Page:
Upon Skimming these posts I keep seeing repeated a response towards the author that he must have missed out on interchange with like minds at “higher colleges”, associations, etc. I think or more perhaps I know that this is coming from ones in the median ranges of intelligence. They do not realize or perhaps will not admit that it maybe themselves that are not getting it. If what Ken is saying about himself is true then he is coming from a POV of being a Genius and not a genius. There is a great distance between 145 and 190. I see things in his writing that indicate that he is in the range he claims. From the POV of people in the 180’s and 190’s the vast majority of the people at the Ivy colleges are dullards. In psychology terms about 5 points of differential is all it takes for a noticed fall in the quality of interchange between two minds. If you exist in these ranges you are one in millions and/or 10s of millions depending how far along the curve. I myself am in the range where statistically only 2-3 people in my whole state are on my level and I live in one of the big states. As a young eccentric male my plight is quite hopeless. Because you see it’s just not only IQ but it is also personality, enlightenment, age, and sex that are factors that go into a meaningful relationship of equality which we all strive and hunger for. The latter two preponderantly in regard to an intimate relationship, of which the author has found success in. In my state let us say there are 3 people, and me being one of them that leaves 2 statistically. Now what are the chances that one of these two is around 30 years old and fits personality wise and there is an attraction… And so the compromise starts as the ideals have to be given up as practicality requires a larger pool of prospective mates/friends to find compatibilities. I have not so far in my life met anyone of near equal mind there is always a line that can be spoke to and not beyond with others. I can only dream and hope that I will meet a person to share a bit of life with where there is no need for chamileonary and there is just the open air.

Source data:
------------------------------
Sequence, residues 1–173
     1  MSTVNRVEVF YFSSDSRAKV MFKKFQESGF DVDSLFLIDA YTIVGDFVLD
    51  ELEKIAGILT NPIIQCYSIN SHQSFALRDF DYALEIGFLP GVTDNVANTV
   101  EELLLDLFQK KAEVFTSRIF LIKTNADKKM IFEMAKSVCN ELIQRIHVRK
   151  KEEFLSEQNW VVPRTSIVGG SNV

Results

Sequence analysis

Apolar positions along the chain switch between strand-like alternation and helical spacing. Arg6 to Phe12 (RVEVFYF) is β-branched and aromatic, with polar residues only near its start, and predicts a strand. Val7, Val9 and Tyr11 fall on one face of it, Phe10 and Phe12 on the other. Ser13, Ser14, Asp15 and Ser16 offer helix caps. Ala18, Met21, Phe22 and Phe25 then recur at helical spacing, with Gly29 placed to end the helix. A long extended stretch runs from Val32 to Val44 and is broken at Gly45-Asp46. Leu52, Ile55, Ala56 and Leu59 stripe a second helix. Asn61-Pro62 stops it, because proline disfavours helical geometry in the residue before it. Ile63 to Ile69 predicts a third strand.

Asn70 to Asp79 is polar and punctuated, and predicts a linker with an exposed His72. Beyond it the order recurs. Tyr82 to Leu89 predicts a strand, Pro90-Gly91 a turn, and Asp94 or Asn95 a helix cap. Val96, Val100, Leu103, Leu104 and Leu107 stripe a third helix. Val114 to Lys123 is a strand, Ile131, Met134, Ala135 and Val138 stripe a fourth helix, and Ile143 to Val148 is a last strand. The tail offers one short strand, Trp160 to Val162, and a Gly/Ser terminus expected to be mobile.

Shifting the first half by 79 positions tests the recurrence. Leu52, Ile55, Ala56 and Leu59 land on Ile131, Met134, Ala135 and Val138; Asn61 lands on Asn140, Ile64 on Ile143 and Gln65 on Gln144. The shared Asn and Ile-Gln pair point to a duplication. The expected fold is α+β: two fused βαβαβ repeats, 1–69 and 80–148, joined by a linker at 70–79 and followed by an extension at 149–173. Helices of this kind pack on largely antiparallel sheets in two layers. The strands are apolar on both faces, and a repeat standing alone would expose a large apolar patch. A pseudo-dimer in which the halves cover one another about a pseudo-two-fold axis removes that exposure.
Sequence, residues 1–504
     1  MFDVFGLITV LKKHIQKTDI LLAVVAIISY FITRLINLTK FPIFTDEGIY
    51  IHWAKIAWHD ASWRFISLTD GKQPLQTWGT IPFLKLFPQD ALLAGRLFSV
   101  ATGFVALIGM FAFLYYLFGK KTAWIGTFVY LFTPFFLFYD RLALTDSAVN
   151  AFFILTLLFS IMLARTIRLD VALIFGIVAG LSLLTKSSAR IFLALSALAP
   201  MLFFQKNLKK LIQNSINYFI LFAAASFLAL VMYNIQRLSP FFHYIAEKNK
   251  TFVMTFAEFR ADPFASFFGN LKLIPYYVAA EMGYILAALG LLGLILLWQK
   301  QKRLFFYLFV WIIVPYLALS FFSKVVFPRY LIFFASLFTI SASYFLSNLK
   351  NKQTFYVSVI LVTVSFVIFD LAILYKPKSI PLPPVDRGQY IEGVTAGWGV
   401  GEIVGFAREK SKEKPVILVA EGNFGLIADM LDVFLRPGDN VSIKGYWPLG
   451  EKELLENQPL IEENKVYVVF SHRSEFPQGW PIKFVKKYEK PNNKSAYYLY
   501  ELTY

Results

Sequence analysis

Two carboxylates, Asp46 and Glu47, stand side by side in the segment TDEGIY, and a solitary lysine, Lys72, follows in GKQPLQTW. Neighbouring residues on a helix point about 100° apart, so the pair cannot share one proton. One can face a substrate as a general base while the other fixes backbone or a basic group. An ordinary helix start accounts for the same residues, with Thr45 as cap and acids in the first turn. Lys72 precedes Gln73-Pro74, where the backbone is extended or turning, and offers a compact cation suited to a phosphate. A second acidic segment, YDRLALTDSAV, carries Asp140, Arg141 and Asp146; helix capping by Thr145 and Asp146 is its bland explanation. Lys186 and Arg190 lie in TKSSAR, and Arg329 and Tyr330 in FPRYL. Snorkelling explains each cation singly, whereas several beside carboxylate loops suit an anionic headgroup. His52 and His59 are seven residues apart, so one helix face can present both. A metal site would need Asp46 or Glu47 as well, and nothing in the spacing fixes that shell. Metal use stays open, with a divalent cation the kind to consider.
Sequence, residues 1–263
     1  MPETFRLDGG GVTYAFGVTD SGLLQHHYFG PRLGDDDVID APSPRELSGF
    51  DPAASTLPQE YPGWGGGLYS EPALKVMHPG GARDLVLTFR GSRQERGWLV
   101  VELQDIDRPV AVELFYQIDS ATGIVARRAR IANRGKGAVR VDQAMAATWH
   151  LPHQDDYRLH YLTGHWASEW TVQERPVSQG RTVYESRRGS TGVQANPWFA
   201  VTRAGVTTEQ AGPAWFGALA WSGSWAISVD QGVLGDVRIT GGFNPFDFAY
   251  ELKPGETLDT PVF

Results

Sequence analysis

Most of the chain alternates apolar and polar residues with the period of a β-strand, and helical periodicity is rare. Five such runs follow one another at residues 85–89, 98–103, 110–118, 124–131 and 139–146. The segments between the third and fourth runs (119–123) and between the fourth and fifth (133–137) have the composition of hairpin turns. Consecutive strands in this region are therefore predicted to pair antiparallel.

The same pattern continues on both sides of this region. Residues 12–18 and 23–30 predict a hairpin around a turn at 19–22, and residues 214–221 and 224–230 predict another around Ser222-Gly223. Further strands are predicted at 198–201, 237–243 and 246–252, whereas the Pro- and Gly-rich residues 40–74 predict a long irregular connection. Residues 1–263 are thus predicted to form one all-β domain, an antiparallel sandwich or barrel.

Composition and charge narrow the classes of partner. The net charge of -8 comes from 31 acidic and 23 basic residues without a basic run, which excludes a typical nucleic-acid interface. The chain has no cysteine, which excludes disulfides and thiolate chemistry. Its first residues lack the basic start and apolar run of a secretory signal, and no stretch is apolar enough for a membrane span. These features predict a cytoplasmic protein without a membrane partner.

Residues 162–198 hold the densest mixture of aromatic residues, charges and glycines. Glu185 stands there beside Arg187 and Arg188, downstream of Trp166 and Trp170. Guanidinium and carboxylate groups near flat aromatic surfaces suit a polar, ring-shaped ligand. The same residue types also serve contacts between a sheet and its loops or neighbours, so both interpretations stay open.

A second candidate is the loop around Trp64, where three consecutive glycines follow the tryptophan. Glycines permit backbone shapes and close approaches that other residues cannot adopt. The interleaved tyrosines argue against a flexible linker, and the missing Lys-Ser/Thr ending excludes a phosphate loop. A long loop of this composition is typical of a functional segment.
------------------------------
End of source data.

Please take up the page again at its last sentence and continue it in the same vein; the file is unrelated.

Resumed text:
• e Says:

      Do you genuinely believe someone is out there for you?
      Hold on to it if so.

      In the rare instances when I manage / silence my mind and find a moment of calm, I listen, yet only to disappointingly ‘feel’ silence back.

      The line, I find, in general, is so far distanced that I simply don’t think another exists, and yet sadly it is only the fabrication of something, some longed for soul, that keeps me going on a day to day basis. The hope that one day I may just find a glimmer of someone a bit like me, to whom I no longer need to mimic, or explain, or hide from, and can simply laugh with, about this all.

      It seems mad that we haven’t yet engineered someway of ‘locating’ our matches yet. Or maybe we need to listen to our intuition more?